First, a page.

Some have suggested that the work done by Dartmouth researchers targets the nation’s “big cities” by painting urban areas as more wasteful when dispensing care. But “this map illustrates that variation in health care spending is not just about big city versus rural areas,” Dartmouth College economist Jonathan Skinner told The Daily Yonder. As Skinner notes the map reveals that “even within rural there is a large variation in costs.” (I would add that while the study of how academic medical centers (AMCs) manage chronic diseases in the 2008 Dartmouth Atlas shows that some big-city hospitals provide more aggressive and expensive care, it also reveals that other urban medical centers–such as the Cleveland Clinic, Mass General and Yale-New Haven –practice a more conservative style of medicine. Care is both less intensive, and less costly. So this is not a story of New Hampshire researchers failing to understand the problems that urban hospitals face.)
Meanwhile, this new map shows that the differences among rural areas are as great as the cost variations from one metro region to another. Moreover, the high cost rural service areas are generally in the same places where there were cities with high Medicare costs. This suggests that that the medical culture of an area influences how doctors practice medicine.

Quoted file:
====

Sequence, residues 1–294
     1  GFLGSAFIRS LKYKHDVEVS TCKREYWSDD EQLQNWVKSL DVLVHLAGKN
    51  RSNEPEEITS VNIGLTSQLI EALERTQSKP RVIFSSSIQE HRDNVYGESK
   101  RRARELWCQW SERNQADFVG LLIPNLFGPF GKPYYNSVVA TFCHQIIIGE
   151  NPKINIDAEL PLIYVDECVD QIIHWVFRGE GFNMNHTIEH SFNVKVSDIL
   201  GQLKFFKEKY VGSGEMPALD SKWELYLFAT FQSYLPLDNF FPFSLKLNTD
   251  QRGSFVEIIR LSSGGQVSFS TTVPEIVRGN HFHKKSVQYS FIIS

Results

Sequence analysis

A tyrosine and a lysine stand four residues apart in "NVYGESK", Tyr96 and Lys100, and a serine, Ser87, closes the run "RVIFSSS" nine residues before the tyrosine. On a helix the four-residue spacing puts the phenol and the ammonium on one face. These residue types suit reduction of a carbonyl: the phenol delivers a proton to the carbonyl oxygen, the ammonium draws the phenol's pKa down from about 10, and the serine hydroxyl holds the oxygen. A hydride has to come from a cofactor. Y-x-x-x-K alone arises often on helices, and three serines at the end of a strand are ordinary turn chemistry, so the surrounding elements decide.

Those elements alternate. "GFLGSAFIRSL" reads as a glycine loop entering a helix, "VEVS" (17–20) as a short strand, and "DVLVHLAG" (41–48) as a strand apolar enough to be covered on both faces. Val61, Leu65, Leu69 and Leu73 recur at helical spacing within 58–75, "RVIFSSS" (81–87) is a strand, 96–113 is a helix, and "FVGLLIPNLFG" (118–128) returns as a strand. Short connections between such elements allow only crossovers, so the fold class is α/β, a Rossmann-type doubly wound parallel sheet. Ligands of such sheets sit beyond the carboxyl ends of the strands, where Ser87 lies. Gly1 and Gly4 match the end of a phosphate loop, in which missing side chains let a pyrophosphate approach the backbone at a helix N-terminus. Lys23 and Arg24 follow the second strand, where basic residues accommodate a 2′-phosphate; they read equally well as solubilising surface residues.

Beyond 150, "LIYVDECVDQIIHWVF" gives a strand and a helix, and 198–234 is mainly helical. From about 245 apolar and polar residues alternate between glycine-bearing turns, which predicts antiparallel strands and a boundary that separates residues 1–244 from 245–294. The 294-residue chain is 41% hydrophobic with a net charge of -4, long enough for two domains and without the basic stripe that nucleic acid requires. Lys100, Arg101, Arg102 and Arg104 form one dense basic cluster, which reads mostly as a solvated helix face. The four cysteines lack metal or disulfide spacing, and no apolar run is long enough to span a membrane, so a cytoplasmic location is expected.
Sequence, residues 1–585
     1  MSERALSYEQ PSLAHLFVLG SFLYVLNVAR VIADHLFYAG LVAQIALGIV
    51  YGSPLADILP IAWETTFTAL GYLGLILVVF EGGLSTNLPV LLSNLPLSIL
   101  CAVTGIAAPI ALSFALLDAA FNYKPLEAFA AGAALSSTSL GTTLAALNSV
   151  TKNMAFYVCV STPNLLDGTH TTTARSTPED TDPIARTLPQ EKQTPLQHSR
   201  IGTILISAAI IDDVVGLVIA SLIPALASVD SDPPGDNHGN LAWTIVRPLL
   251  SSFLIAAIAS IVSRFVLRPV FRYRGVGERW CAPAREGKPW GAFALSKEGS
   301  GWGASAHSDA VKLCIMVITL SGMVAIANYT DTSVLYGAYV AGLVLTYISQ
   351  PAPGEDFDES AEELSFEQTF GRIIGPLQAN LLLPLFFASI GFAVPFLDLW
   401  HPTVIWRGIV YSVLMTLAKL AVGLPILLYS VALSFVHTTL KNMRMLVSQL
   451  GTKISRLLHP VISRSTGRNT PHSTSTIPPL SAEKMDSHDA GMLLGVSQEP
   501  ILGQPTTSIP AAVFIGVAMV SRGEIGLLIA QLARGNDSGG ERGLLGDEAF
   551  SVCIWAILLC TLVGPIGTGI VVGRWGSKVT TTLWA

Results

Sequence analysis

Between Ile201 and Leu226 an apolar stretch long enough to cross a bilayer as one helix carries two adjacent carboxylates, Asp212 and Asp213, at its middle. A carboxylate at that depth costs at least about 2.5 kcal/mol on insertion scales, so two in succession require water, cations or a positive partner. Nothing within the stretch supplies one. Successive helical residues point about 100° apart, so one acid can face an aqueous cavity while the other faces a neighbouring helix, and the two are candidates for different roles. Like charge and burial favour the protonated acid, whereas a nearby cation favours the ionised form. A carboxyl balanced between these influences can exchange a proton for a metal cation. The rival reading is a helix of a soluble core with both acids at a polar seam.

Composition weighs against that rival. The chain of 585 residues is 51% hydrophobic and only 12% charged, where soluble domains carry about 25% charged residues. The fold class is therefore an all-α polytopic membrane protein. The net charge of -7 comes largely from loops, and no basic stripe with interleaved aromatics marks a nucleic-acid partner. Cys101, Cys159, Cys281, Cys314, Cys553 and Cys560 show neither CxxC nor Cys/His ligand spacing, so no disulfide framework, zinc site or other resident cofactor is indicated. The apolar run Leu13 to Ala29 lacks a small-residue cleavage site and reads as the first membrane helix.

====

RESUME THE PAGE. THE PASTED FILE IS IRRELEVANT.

In the June 1 New Yorker, for example, Dr. Atul Gawande wrote about the high charges for Medicare patients around McAllen, Texas, where he found a “money culture” driving medical spending skyward. “Medicare costs in the rural regions of far South Texas are among the highest cost in the nation,” Daily Yonder reports. Meanwhile, “Louisiana has the highest costs statewide; and six of the ten most costly rural hospital service areas are in Louisiana.”
Maybe patients in Louisiana are simply sicker? “Places with sicker patients do spend more,” Skinner writes in the September 9th issue of The New England Journal of Medicine. “But that discrepancy accounts for only 18% of the total difference between the highest and lowest cost regions.” Skinner calculates that 70% of the difference between high and low-cost areas is due to “discretionary decisions by physicians.” Doctors in some areas simply order more tests and hospitalize more patients.